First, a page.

Facing opposition from the owners of Vineyard Valley Mobile Home Park and many of its residents, the St. Helena City Council is moving ahead with a rent stabilization ordinance that would limit rent increases in the park.
An ordinance would cap rent increases for park residents on short-term leases of one year or less. Residents would be able to choose between a short-term lease that would be subject to rent stabilization or a long-term contract that would not.
Caps can be based on a set percentage, tied to the Consumer Price Index (CPI), or a combination of both. On Tuesday, the council directed staff to come back with a draft ordinance that would cap rate increases at 3 percent or 75 percent of the CPI, whichever is lower.
Administrative fees would be split between the park owner and the city. The owner would be prohibited from passing its share of the fees on to residents until 75 percent of the park has opted into rate stabilization.
The idea, which originated during a City Council goal-setting workshop in 2017, has drawn strong reactions from residents of Vineyard Valley, St. Helena’s only mobile home park.
Park resident Andree Bryan presented a letter opposing the ordinance signed by 149 park residents, which she described as a majority of the park.
Critics say that with the park’s longstanding policy of 3 percent annual rent increases, rent stabilization is unnecessary, could damage their strong working relationship with the park’s ownership, and could threaten home values and reduce owners’ ability to maintain the park. They also worry about administrative fees being imposed on residents.
“It ultimately will undermine the business model and impact our ability to continue on the path we believe to be best practice,” said Greg Reynolds, managing partner for the park’s ownership group.
Supporters say rent stabilization would give residents the choice to opt in or out, and would function as an insurance policy protecting those who opt in from the prospect of steep rate hikes. They also favor a vacancy control provision that would prevent the park from increasing the rent when a mobile home is sold to a new owner.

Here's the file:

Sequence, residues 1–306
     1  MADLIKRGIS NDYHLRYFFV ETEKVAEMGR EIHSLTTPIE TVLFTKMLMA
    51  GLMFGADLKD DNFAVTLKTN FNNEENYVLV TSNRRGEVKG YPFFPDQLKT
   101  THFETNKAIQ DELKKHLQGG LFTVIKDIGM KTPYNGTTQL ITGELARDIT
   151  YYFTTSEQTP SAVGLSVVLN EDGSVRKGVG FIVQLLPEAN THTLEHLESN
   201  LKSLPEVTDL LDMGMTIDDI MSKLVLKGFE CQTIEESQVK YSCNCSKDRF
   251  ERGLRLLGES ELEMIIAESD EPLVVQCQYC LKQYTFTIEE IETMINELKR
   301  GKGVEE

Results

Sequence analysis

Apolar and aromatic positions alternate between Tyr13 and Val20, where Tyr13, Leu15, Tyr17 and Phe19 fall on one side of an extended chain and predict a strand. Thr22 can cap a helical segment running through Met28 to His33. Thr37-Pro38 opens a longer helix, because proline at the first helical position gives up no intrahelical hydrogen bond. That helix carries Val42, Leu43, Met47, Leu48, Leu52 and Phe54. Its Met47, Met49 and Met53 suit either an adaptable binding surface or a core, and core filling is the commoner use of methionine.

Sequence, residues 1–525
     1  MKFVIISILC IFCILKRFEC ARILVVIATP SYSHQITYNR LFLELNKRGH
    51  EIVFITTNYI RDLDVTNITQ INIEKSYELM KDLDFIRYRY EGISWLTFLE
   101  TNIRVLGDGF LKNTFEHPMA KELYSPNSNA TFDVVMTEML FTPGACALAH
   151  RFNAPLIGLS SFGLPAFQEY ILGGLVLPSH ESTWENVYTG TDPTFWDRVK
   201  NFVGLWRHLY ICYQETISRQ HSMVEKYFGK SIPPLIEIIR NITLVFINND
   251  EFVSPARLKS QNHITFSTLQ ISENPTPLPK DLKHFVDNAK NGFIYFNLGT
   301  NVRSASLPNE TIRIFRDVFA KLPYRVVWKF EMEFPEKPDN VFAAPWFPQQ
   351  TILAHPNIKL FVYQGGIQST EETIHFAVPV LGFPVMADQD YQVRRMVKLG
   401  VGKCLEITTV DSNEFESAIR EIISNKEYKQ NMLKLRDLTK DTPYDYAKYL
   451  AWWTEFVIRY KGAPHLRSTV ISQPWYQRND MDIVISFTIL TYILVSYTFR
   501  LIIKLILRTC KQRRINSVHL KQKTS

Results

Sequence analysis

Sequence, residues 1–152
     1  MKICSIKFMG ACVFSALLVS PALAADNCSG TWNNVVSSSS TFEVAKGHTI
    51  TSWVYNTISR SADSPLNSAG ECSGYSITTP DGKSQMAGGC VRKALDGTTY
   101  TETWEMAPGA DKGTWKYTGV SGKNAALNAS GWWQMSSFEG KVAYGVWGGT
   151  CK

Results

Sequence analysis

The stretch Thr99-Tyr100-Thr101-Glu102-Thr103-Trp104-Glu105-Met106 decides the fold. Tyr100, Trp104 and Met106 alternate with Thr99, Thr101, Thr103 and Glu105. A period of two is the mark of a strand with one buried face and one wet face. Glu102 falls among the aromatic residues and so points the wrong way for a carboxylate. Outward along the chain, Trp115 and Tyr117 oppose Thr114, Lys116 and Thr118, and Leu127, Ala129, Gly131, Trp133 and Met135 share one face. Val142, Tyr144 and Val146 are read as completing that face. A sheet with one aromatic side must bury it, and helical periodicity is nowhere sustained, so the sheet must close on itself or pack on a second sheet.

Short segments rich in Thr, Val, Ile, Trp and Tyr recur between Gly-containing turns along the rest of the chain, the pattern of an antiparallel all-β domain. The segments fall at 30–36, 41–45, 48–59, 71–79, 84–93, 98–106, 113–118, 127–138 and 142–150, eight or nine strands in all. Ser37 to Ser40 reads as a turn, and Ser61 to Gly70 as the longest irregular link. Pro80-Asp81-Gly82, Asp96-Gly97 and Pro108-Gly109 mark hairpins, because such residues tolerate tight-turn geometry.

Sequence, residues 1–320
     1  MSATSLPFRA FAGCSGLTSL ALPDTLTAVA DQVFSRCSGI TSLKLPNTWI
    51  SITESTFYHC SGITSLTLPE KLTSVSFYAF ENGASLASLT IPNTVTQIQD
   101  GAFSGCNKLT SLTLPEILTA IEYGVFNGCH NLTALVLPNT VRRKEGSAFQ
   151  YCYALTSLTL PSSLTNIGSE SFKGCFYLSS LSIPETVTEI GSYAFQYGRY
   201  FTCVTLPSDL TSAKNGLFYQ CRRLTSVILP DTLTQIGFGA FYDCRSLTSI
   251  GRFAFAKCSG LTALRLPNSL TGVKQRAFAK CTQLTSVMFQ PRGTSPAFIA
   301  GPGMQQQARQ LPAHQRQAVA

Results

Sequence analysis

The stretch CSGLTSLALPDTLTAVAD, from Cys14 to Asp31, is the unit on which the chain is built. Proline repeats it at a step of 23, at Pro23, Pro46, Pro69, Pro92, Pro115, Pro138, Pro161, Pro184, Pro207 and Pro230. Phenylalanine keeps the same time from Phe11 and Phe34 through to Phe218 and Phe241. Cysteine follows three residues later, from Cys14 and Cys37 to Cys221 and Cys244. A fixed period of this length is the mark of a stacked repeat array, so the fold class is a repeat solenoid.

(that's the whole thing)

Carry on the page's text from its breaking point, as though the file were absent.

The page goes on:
Councilmembers Paul Dohring, Geoff Ellsworth and Mary Koberstein were in favor of moving ahead with crafting the ordinance, although Ellsworth said he’s withholding judgment on whether he’ll ultimately vote for it.
“I’m still of an open mind and want to hear full discussion,” Ellsworth said.
Dohring said the ordinance would need to be reviewed in two or three years to see if it’s working.
“If it’s not working … and if the support is still not there, then we scrap it,” he said.
Mayor Alan Galbraith and Councilmember Peter White said they oppose rent stabilization.
“I don’t believe a majority of the folks at Vineyard Valley support it,” Galbraith said.
Interim police chief hired
In other action on Tuesday, retired police chief Tim Foley was sworn in as interim police chief. He will serve for one year while the city evaluates options to permanently replace former chief Bill Imboden.
The city has occasionally hired retired officials – such as former Interim City Manager Larry Pennell – to fill vacant positions during recruitment for a permanent appointment.
Imboden resigned in September to become chief of the Hercules Police Department. Lt. Chris Hartley has been serving as acting chief.
A former lieutenant with the San Francisco Police Department, Foley was most recently police chief in Nevada City, where he reported to City Manager Mark Prestwich. Foley retired in February.
He will earn a salary of $167,520 with no medical or dental benefits.
Sewer rate litigation
In closed session, the council authorized staff to initiate litigation against Hansford Economic Consulting for alleged errors in the city’s new wastewater rate structure that have resulted in “substantial shortfalls” in revenue, according to City Attorney Tom Brown.
Consultant Catherine Hansford calculated the current rate structure. After the new rates went into effect, city officials discovered that wastewater revenues were falling far short of projections due to an apparent computational error by the rate consultant.
The council authorized litigation, but Brown said the city is in contact with the consultant’s attorneys and is considering resolving the matter through mediation.